View the distribution of the U.S. population by ethnicity here.
Additional information on the aging population in the United States
High birth rates during the so-called baby boom years that followed World War II followed by lower fertility and morality rates have left the United States with a serious challenge in the 21st Century. However, the issue of an aging population is certainly not an issue unique to the United States. The projected development of the global population aged 65 and over between 2010 and 2050 demonstrates that Europe in particular faces a major issue.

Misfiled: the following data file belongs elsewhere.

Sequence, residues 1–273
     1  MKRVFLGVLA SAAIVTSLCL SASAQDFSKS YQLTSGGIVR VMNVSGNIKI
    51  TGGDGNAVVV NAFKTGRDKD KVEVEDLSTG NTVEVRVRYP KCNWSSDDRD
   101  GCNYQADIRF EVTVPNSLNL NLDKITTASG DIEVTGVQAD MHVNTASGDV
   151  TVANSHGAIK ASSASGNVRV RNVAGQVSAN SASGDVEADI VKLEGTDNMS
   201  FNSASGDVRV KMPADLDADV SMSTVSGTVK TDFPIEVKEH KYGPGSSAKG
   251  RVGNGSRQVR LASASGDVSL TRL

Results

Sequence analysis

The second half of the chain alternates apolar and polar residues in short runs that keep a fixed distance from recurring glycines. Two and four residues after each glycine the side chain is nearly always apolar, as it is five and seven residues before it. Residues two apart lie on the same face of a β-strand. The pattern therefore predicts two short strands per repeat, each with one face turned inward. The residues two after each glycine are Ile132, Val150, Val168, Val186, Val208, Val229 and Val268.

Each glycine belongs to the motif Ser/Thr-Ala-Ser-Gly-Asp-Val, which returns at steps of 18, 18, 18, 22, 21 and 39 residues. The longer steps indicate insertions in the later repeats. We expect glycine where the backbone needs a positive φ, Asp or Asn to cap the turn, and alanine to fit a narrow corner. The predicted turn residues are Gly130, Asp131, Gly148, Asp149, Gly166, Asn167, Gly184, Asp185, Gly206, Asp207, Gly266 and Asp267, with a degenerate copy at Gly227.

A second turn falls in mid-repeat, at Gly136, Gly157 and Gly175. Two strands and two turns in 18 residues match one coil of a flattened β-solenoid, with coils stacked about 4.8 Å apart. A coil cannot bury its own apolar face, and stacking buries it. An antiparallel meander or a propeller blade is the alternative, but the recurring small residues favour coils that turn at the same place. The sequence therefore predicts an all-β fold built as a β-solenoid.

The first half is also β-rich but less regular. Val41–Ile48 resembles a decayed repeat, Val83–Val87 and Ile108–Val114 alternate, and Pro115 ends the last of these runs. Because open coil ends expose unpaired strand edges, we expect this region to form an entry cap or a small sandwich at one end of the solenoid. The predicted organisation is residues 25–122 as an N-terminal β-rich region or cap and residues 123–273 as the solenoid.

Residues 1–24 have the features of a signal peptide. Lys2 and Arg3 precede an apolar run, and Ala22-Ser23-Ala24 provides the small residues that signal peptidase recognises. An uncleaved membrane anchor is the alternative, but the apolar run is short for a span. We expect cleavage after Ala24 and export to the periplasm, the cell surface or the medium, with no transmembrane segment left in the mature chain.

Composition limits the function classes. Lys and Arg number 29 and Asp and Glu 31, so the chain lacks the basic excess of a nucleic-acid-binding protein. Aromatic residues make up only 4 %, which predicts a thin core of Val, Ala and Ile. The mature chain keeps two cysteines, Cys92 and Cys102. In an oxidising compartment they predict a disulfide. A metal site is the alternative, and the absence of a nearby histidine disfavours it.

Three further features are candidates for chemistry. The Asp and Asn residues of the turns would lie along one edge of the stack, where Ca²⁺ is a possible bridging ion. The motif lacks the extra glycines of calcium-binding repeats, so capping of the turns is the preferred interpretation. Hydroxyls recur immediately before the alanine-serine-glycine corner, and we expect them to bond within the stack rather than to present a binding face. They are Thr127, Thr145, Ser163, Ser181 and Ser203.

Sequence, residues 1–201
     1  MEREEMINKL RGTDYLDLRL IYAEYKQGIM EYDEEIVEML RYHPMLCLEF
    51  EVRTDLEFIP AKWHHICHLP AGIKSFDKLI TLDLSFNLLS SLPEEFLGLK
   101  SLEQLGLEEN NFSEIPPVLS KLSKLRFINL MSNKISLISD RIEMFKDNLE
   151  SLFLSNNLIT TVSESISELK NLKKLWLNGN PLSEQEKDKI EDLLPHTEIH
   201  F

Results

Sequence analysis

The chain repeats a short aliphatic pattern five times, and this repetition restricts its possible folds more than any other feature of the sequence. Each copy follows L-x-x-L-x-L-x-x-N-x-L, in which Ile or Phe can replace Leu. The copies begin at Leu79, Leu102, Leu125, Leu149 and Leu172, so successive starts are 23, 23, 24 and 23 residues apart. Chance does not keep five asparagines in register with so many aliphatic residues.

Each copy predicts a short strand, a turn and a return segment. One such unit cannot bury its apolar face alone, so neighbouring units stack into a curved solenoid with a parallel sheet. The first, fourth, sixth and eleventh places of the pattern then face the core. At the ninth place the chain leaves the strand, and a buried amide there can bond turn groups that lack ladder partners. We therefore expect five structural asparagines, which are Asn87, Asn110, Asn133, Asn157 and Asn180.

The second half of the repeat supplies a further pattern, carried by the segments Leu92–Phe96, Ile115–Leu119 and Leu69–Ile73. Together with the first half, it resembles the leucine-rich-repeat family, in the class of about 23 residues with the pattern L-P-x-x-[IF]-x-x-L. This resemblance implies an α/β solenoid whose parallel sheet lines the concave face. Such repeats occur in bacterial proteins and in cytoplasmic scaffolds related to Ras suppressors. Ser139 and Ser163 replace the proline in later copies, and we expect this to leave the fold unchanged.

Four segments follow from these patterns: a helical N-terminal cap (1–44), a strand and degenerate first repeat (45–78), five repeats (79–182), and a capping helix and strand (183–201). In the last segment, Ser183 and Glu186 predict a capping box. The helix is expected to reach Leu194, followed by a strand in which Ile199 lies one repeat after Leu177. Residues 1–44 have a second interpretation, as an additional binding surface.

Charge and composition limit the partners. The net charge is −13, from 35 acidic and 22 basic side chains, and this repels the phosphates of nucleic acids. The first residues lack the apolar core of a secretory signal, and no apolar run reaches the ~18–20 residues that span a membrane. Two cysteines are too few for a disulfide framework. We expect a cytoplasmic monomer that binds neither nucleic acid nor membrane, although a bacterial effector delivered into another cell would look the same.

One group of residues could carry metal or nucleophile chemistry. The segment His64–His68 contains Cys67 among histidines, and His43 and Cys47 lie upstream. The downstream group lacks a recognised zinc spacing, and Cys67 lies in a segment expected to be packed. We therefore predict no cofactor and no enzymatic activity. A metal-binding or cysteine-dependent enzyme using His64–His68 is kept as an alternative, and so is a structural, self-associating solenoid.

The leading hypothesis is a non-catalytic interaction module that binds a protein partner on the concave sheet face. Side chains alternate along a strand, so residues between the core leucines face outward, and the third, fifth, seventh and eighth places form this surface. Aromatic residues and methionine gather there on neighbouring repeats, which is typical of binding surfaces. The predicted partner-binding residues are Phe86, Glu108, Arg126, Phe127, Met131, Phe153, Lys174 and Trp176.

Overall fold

Within the United States, the uneven distribution of populations aged 65 years and over among states offers both major challenges and potential solutions. On the one hand, federal action over the issue may be contentious as other states are set to harbor the costs of elderly care in states such as California and Florida. That said, domestic migration from comparably younger states may help to fill gaps in the workforce left by retirees in others.
Nonetheless, aging population issues are set to gain further prominence in the political and economic decisions made by policymakers regardless of the eventual distribution of America’s elderly. Analysis of the financial concerns of Americans by age shows many young people still decades from retirement hold strong concern over their eventual financial position.